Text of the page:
Russia-Ukraine War: 'Close Call' Says IAEA, After Ukraine Narrowly Escaped Nuclear Disaster

The UN's nuclear watchdog IAEA has said that Ukraine narrowly escaped disaster after the Russian-controlled Zaporizhzhya nuclear power plant in southeastern Ukraine was targeted by shelling over the weekend.
Ukrainian soldiers fire artillery at Russian positions near Bakhmut in the eastern Donetsk region on November 20.
Ukrainian soldiers fire artillery at Russian positions near Bakhmut in the eastern Donetsk region on November 20.AP

The UN's nuclear watchdog IAEA has said that Ukraine narrowly escaped disaster after the Russian-controlled Zaporizhzhya nuclear power plant in southeastern Ukraine was targeted by shelling over the weekend.

The International Atomic Energy Agency (IAEA) has said that "powerful explosions" hit the nuclear plant, Europe's largest, on the evening of November 19 and again early on November 20. Kyiv and Moscow have traded blame for the incidents, which damaged some of the plant's buildings and equipment.

IAEA chief Rafael Grossi said in a statement issued late on November 20 that whoever fired on the plant was taking "huge risks and gambling with many people's lives."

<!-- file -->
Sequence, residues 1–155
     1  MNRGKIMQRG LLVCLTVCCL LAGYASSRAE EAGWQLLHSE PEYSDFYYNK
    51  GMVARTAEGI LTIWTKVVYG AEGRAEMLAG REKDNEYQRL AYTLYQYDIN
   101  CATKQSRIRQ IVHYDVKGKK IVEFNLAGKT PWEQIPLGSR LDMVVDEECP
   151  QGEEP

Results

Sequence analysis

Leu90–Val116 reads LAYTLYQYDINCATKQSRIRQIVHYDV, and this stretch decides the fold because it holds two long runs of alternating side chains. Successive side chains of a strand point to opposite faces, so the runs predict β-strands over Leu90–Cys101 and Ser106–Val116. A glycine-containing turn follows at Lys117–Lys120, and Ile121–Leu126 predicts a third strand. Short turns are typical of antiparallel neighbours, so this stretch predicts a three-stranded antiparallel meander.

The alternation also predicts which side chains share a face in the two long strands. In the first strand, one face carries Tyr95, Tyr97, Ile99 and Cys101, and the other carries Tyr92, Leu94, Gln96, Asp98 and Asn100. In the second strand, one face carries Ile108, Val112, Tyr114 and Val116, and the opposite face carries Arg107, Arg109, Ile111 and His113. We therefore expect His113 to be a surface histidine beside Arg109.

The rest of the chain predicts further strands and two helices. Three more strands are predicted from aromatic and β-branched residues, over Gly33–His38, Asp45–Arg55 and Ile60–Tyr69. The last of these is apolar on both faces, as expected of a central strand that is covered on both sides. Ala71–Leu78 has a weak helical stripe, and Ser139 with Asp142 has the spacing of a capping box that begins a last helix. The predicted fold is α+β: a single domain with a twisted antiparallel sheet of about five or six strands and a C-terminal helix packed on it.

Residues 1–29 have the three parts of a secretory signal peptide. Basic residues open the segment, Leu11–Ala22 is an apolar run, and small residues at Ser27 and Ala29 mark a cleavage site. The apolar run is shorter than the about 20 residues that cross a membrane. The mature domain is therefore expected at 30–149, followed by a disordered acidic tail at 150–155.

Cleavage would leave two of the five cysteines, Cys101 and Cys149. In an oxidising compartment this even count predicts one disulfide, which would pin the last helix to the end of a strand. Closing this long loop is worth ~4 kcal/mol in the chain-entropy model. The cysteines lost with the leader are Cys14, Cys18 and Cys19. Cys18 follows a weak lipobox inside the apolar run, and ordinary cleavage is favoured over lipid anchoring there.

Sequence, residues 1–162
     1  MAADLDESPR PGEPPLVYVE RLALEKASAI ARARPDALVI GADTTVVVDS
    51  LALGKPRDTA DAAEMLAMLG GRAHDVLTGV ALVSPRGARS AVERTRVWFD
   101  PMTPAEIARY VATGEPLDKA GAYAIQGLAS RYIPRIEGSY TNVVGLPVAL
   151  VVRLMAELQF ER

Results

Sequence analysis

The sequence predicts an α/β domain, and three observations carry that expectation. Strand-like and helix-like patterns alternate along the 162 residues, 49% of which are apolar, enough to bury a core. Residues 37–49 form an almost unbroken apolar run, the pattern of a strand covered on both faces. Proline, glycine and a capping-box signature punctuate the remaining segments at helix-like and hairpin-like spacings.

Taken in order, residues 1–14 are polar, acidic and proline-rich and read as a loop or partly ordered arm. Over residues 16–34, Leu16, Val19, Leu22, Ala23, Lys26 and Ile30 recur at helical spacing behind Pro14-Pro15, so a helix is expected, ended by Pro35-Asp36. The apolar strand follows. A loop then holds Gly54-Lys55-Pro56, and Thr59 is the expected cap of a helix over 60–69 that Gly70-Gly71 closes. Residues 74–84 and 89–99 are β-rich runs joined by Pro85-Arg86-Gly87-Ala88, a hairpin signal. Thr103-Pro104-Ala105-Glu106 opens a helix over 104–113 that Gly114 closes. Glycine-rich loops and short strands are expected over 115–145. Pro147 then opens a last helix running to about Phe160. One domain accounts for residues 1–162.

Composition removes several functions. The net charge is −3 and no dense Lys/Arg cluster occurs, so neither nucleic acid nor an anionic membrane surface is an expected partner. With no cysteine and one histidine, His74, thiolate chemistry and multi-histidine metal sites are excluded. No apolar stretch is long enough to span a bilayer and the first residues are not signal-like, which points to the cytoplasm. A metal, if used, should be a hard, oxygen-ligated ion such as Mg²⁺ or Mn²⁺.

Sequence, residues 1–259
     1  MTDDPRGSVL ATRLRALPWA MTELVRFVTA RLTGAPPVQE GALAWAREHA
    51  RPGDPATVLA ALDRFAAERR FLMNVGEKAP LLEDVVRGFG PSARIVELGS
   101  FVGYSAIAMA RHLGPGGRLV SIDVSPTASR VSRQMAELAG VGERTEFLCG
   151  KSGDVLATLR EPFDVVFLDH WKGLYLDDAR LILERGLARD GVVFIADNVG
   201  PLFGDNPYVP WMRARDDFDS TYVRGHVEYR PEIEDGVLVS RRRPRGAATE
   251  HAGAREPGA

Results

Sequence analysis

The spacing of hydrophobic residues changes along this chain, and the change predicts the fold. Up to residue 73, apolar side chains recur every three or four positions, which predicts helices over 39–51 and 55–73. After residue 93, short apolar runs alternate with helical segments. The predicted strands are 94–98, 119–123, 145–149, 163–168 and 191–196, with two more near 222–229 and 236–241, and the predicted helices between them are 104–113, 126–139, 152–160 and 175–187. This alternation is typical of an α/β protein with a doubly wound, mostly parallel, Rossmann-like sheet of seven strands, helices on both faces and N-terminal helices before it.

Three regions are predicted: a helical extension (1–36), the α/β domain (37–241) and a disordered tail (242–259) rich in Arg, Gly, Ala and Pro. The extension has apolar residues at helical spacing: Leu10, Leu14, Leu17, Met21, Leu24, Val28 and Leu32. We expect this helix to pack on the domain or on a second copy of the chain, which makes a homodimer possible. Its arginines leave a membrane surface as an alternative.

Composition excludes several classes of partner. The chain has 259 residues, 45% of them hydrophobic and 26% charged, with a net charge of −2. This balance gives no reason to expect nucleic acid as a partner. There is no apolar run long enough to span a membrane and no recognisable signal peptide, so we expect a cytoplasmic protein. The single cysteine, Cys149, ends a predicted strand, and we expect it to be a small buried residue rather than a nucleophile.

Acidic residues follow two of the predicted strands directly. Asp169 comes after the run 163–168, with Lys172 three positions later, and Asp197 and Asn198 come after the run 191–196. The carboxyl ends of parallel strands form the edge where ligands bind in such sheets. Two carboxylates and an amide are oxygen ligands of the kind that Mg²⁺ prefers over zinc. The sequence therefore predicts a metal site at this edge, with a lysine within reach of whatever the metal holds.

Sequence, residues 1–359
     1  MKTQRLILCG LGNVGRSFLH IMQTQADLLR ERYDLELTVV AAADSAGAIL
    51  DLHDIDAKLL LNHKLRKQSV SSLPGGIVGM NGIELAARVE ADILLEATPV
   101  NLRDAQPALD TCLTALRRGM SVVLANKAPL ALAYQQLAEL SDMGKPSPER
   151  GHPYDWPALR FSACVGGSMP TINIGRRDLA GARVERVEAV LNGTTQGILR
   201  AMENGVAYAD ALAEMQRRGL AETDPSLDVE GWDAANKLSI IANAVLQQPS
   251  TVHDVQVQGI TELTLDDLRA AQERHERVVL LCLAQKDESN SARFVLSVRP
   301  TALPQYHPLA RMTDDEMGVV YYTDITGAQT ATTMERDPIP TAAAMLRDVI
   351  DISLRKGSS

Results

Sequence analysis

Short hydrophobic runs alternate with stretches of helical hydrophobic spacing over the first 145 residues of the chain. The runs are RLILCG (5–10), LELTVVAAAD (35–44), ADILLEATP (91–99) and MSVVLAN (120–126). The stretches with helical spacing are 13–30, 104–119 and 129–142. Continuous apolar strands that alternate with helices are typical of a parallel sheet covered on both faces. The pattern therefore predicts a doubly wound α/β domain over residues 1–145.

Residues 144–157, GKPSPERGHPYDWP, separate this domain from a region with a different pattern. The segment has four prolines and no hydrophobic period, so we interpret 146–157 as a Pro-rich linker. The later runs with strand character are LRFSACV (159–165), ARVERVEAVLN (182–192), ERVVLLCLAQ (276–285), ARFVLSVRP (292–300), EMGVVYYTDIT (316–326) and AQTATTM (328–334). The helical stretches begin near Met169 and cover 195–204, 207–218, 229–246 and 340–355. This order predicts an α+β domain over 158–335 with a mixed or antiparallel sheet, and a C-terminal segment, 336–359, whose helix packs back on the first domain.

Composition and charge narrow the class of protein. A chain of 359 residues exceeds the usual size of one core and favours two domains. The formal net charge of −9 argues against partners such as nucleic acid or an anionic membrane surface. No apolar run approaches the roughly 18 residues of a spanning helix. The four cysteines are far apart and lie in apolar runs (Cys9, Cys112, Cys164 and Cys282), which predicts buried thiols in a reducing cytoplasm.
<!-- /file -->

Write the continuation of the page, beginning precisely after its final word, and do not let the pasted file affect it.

"We were fortunate a potentially serious nuclear incident did not happen," he said, describing the situation as a "close call."

"Next time, we may not be so lucky," Grossi added.

Radiation levels remained normal and there were no reports of casualties, the IAEA said. There was no direct impact on nuclear safety and security systems, but "the shelling came dangerously close to them," Grossi said.

Ukraine's energy agency Enerhoatom has accused Russian forces of shelling the facility, saying that at least 12 strikes were recorded. Russia's Defense Ministry on November 20 accused Ukrainian forces of firing on power lines that supply the plant. On November 21, Kremlin spokesman Dmitry Peskov repeated Moscow's assertion that Kyiv was behind the attacks.

In a video address to NATO's Parliamentary Assembly in Madrid on November 21, Ukrainian President Volodymyr Zelenskiy urged members of the Western military alliance to protect Ukraine's nuclear plants.

"All our nations are interested in not having any dangerous incidents at our nuclear facilities," Zelenskiy said. "We all need guaranteed protection from Russian sabotage at nuclear facilities."

The same day, the head of the Russian state nuclear corporation Rosatom, Aleksei Likhachev, warned that there was a risk of a nuclear accident at the Zaporizhzhya nuclear plant and said that he had been engaged in negotiations with the IAEA "all night." Rosatom has controlled the facility since Russian President Putin in October ordered that the plant be seized and all Ukrainian staff members be transferred to a Russian entity. (SJ/RFE)

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